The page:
accuracy. Just because an answer comes easily to mind doesn’t mean it’s the right
answer. If someone asks you who your favorite president was and you answer Ronald
Reagan, that’s probably not because, upon reflection, you believe that Reagan was the
greatest president in our history, but because Reagan’s name is a lot more familiar than
others who probably should be remembered as the greatest (Washington? Lincoln?).
Perseverance Bias This refers to our inclination to stick with an opinion once
we have enunciated it. Studies show that once we have formed an opinion we don’t easily give
it up—not even after contradictory evidence surfaces that un-demines our position.
Source Confusion After a short period of time we tend to treat information — of both
the reliable and unreliable sort — similarly since we forget where we learned it. And if it
comes to mind quickly (Availability Bias) we are apt to conclude it’s reliable even though
we picked it up from a tawdry grocery store tabloid.
Projection Bias This refers to the inclination to project your own values onto others,
a bias that show up mostly in foreign policy debates. It was owing to this bias
that Dick Cheney believed the Iraqi people would greet us with flowers after our invasion. He
believed that Iraqis thought like Americans.
Self-Serving Bias This is the inclination to take the credit when something good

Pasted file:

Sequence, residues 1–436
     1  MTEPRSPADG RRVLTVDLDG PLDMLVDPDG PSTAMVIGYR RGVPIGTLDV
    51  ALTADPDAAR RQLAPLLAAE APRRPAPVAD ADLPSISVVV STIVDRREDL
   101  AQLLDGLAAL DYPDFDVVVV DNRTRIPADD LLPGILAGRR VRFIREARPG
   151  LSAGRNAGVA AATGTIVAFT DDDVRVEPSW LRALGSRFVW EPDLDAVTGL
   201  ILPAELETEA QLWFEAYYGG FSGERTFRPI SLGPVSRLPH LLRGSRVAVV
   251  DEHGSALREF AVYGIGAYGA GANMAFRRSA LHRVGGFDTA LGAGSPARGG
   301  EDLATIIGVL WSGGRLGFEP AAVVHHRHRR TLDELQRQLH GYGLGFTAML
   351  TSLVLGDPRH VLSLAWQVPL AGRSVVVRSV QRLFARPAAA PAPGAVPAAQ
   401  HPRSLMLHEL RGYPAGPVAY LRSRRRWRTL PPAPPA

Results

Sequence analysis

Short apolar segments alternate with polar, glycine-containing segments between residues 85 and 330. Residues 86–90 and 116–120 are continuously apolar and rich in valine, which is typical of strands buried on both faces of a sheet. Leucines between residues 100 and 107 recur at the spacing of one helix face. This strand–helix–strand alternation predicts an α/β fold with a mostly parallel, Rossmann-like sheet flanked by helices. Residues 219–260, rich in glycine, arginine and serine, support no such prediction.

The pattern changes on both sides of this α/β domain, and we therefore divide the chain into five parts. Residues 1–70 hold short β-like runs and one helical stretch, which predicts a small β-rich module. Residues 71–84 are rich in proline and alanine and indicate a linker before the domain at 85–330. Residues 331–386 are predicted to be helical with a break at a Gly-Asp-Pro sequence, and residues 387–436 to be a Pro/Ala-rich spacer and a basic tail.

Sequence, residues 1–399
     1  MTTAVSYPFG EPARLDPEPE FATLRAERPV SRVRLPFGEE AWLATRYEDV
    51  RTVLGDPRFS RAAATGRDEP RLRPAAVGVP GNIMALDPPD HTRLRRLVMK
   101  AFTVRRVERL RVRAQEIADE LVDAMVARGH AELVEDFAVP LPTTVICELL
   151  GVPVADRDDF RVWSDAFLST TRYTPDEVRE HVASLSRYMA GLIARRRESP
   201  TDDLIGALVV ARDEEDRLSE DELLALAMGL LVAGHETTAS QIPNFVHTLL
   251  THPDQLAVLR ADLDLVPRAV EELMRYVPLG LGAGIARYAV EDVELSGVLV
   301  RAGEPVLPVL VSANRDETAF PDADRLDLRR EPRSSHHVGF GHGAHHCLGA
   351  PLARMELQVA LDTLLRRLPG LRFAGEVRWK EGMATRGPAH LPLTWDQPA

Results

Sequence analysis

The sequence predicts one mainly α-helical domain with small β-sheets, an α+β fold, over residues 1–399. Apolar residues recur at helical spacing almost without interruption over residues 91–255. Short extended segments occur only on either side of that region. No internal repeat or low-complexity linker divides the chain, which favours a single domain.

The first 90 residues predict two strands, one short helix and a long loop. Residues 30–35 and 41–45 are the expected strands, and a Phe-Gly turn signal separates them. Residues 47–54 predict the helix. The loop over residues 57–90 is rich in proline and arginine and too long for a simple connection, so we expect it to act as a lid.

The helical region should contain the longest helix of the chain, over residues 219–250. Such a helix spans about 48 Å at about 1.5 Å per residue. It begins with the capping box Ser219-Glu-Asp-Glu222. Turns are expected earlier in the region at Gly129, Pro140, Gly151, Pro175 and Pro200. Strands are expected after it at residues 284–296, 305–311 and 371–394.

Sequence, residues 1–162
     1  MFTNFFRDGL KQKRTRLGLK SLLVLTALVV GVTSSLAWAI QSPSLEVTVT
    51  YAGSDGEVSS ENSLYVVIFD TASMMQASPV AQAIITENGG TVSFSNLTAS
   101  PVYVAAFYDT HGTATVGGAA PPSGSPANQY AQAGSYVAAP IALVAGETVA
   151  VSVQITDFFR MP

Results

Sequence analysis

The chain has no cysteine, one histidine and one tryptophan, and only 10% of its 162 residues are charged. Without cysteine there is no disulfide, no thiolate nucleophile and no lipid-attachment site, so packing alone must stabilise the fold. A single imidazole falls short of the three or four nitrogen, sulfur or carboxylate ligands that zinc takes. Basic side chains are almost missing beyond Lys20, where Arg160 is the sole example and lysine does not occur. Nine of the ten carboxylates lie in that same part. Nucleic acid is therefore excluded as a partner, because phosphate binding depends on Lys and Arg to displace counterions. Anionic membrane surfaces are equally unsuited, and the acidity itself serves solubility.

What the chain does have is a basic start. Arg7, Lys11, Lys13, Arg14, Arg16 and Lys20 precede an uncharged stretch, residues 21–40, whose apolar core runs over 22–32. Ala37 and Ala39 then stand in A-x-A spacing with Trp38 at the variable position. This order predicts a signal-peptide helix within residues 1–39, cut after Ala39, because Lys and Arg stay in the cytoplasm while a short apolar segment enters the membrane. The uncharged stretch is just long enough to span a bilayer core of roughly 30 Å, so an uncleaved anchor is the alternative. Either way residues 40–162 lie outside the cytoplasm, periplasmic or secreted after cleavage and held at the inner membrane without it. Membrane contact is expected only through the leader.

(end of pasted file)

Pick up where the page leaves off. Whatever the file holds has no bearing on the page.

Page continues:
happens and to shuck off the blame when something bad happens. It’s summed up in
the old farmer’s cry that some people like to take credit for the rain but not for the
Superiority Bias Think you’re a better than average driver? It turns out
most of us think we are above average drivers. Indeed, most of us think, even
college professors, we are better than average in nearly everything we do. This,
of course, is a mathematical impossibility. But the feeling gives us the
confidence to believe that our political views are right and others are mistaken.
Planning Fallacy Anybody who’s ever built a house or a website knows that
projects rarely come in on time or within the budget. But when politicians
announce plans for government programs or construction jobs they almost always make the
mistake of believing their own timetables and spreadsheet projections.
Optimism Bias This bias afflicts more than 80 percent of the American people.
It’s one reason the Planning Fallacy is so common. We walk around with